Cookie Cutter Tune vs Dyno Tune
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    1. #1
      Junior Member HeroofTime's Avatar
      Join Date
      Apr 2013
      Ohio, USA

      Cookie Cutter Tune vs Dyno Tune

      Can someone explain the differences between these two types of tunes? Let me guess...

      Real dyno tunes are better because they're for your exact car. I don't get how though.

      Plus, I've wanted to get a Shark tune for a stupidly long time. I've slowly been renovating my S80, and hopefully a tune will be coming soon. I have other things to worry about like getting those speakers thrown in properly. Too bad winter weather stopped me from doing anything past my mid-basses in the rear deck. I need to change my timing belt as well. I'm on the original timing belt, my S80 is over 80K miles, and I'm pretty sure the timing belt was slapped on from early 2004 or probably even 2003 depending on manufacturing date! So definitely no tune until I slap a kevlar belt in there along with the usual water pump, etc.

      Then there's Hilton tuning which some profess is probably the best you can get because it's the closest to tuning to dyno results? Obviously it's not like taking the car in somewhere, but I've heard they monitor the car somehow and make adjustments over time? I don't know. I'm lost!

      Help me out here!

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    3. #2
      Junior Member matt5112's Avatar
      Join Date
      Nov 2012
      Only real benefit to what most consider dyno tuning is you can make the passes safely.

      Hilton gives you a datalogging piece of software that monitors variables, and makes corrections based on those. Idea is, make a log with the vehicle stock, make sure things look good, (well you'll probably be knocking, have silly fuel strategy and so on), then try a tune and log. If improvements are required, they are made and so on.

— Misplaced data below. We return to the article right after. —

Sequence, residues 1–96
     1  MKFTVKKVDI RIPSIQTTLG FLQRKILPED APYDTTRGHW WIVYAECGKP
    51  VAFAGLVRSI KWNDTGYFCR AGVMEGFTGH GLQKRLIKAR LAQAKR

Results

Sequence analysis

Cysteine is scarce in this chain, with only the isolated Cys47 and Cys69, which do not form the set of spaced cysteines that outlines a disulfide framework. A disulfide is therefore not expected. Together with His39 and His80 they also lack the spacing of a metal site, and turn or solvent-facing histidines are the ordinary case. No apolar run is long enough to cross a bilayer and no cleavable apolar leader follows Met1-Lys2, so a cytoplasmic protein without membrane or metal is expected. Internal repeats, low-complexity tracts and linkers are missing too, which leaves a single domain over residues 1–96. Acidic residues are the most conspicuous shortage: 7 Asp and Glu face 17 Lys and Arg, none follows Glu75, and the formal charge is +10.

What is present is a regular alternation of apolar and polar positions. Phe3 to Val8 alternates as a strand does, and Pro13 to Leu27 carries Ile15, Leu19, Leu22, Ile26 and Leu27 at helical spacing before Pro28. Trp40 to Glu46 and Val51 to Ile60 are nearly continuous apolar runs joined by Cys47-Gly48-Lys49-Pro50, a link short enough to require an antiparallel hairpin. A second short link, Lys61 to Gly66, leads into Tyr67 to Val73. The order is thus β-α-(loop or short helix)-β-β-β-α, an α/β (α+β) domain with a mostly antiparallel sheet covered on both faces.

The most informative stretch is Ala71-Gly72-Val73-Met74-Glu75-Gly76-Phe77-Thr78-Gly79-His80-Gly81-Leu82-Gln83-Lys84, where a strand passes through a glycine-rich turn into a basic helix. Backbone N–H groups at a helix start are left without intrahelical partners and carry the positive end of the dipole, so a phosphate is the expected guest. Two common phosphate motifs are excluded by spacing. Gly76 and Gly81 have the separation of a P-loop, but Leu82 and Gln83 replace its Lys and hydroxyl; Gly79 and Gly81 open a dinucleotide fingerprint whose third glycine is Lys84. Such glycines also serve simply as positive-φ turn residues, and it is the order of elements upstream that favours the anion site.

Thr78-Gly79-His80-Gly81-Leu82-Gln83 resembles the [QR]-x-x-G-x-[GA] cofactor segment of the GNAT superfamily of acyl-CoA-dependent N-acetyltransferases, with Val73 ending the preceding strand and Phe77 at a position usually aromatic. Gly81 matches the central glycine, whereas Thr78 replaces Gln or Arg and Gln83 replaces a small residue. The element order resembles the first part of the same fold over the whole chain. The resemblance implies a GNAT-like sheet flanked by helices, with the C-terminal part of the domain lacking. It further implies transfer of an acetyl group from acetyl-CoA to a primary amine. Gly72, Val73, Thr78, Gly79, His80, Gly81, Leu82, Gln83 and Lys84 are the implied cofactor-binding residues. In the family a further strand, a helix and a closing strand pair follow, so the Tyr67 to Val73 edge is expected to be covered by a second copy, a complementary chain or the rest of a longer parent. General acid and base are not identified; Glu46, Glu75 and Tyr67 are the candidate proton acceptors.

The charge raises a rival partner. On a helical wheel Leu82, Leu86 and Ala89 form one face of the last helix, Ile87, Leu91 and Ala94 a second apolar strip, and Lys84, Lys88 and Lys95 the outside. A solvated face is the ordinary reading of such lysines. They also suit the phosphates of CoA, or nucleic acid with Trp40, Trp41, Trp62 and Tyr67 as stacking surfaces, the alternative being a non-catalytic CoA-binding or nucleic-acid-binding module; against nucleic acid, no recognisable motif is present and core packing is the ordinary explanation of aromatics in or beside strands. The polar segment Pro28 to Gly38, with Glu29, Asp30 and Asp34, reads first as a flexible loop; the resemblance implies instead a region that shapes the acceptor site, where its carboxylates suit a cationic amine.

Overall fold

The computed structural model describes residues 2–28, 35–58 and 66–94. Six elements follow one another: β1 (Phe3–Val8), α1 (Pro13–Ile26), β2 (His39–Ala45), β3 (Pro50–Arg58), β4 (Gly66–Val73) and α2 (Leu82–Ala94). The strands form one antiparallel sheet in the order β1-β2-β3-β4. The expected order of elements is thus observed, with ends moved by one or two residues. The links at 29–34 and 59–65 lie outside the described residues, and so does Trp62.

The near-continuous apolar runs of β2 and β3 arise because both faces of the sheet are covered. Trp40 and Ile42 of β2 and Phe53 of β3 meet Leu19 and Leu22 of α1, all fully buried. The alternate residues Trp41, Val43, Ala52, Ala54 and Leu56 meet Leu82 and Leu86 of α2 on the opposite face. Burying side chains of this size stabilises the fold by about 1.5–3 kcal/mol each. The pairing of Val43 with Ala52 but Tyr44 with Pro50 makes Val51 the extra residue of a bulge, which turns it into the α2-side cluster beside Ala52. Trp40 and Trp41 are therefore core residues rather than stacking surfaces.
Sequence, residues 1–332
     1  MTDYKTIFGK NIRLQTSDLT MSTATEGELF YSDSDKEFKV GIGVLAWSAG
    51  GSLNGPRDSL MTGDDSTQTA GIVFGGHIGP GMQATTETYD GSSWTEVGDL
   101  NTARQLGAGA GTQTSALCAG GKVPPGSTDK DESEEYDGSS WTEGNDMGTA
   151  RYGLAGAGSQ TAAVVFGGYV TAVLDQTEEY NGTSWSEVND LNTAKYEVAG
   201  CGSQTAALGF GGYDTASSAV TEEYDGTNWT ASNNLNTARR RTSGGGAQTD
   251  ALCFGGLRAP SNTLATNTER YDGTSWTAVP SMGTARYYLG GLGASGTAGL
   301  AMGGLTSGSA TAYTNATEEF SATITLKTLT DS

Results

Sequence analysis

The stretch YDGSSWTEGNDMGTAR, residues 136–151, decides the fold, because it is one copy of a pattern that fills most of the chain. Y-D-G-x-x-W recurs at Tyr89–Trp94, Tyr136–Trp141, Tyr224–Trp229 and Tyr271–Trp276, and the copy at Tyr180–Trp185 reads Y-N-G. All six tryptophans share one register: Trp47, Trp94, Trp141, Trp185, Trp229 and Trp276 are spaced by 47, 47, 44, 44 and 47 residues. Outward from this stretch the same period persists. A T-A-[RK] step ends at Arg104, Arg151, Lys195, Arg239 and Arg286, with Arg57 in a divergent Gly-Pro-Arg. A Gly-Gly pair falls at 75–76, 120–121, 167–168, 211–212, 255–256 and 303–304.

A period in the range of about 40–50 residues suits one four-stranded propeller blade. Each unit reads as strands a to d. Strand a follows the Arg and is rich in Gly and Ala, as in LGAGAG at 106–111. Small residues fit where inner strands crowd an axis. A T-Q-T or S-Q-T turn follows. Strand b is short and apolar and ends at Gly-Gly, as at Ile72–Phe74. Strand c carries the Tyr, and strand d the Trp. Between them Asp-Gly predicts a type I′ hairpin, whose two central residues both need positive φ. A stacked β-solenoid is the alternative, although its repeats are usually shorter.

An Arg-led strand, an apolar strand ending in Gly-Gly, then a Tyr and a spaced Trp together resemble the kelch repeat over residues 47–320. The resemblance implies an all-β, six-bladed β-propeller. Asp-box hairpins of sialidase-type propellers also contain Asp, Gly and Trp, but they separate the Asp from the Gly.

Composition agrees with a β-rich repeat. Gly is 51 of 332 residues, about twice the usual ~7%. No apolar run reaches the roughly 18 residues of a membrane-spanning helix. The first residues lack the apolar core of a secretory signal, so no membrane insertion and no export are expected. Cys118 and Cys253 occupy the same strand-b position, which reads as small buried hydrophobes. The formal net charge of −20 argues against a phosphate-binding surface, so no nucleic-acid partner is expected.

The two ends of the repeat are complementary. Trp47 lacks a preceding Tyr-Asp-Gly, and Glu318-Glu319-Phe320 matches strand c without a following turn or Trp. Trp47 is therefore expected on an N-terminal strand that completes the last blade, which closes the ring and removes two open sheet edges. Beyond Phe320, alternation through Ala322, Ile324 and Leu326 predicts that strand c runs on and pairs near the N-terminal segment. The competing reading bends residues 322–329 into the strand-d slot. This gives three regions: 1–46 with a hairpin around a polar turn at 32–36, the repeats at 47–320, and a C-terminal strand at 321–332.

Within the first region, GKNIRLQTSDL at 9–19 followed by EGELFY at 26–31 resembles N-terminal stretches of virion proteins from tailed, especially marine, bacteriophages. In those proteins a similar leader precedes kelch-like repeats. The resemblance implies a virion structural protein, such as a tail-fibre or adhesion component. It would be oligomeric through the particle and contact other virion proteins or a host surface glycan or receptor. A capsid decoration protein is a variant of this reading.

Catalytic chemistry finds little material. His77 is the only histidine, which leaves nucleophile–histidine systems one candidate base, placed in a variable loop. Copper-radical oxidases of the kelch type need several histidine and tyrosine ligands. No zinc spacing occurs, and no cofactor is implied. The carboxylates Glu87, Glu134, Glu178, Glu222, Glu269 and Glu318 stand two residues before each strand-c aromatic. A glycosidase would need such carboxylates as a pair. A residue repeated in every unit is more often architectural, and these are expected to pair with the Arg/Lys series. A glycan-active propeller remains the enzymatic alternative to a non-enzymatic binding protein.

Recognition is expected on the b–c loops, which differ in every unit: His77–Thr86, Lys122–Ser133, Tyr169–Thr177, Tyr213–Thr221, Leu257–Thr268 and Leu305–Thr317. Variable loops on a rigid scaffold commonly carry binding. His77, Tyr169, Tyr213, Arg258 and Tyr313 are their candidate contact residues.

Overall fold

The biggest reason an in car tune is preferred is that you are testing the vehicle in the conditions in which you expect it to perform, and the results should be tailored to your vehicle.

      The torque delete would be highly recommended for making first gear more useful.

      Get an intercooler of some kind at the same time though. The intercooler with a stock vehicle heatsoaks too easily in the summer.

    4. #3
      Junior Member osineo's Avatar
      Join Date
      May 2008
      I'll agree with everything that Matt said, and add something else to consider:

      Most of the reputable ots tunes were created 10+ years ago when "high mileage" might have meant 50-60k miles. The average P2 probably has 2-3 times that mileage by now.
      Even if u performed a full stage 0, with the type of mileage these cars now have, it is reasonable to have carbon buildup, partially blocked injectors, a loss of compression or all of the above.
      Installing an ots tune on a high mileage vehicle could be a recipe for disaster.

      If nothing else, a custom tune may account for those factors safer than an ots tune - at least in theory.

    5. #4
      Junior Member RKH404's Avatar
      Join Date
      Jan 2012
      My custom tune was also a lot cheaper from a local-ish reputable tuner.
      | 02 Volvo S80 T6 | Black | OETuning ECU Tune (15PSI) | IPD Gen 2 HD TCV | IPD R Intake Kit w/ K&N Oiled Filter | 3" Catback w/ Borla ProXS | Snabb Ultimate Big FMIC | Built 4T65 w/ Hayden Cooler | IPD Upper Poly Mount | IPD Poly Subframe Bushing Inserts | IPD Strut Bar Conversion | Bilstein B8 Shocks | H&R Springs | Michelin PSS 225/45/17 |

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